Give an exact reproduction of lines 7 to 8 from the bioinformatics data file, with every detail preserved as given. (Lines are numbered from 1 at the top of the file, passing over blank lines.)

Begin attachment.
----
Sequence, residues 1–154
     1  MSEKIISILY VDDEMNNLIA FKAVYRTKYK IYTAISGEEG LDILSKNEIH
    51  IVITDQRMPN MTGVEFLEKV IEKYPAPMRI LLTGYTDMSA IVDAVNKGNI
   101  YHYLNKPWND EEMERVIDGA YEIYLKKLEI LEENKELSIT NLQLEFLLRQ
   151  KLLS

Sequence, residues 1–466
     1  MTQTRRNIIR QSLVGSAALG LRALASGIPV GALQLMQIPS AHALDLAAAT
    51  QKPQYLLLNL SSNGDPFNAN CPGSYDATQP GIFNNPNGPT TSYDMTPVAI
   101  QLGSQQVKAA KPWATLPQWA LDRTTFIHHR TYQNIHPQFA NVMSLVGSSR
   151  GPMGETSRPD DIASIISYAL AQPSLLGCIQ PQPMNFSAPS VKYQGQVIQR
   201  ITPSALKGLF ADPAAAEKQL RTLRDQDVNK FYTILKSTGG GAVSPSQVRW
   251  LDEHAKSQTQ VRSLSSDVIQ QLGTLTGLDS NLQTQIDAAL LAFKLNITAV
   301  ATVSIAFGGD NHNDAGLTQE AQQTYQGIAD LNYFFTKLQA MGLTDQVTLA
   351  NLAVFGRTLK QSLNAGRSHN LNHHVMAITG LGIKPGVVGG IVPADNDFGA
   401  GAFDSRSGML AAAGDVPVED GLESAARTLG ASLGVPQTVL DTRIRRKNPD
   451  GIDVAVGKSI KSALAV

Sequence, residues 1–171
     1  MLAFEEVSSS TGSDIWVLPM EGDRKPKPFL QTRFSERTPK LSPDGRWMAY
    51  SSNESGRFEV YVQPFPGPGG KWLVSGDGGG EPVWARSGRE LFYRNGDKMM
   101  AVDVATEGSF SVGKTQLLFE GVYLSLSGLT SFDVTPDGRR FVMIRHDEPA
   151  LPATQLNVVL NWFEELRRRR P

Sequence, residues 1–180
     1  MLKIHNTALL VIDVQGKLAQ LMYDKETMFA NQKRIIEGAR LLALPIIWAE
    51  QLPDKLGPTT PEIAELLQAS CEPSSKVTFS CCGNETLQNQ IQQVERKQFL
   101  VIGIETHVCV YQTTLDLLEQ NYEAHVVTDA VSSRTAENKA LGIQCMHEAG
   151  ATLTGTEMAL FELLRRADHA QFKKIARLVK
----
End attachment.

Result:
     1  MTQTRRNIIR QSLVGSAALG LRALASGIPV GALQLMQIPS AHALDLAAAT
    51  QKPQYLLLNL SSNGDPFNAN CPGSYDATQP GIFNNPNGPT TSYDMTPVAI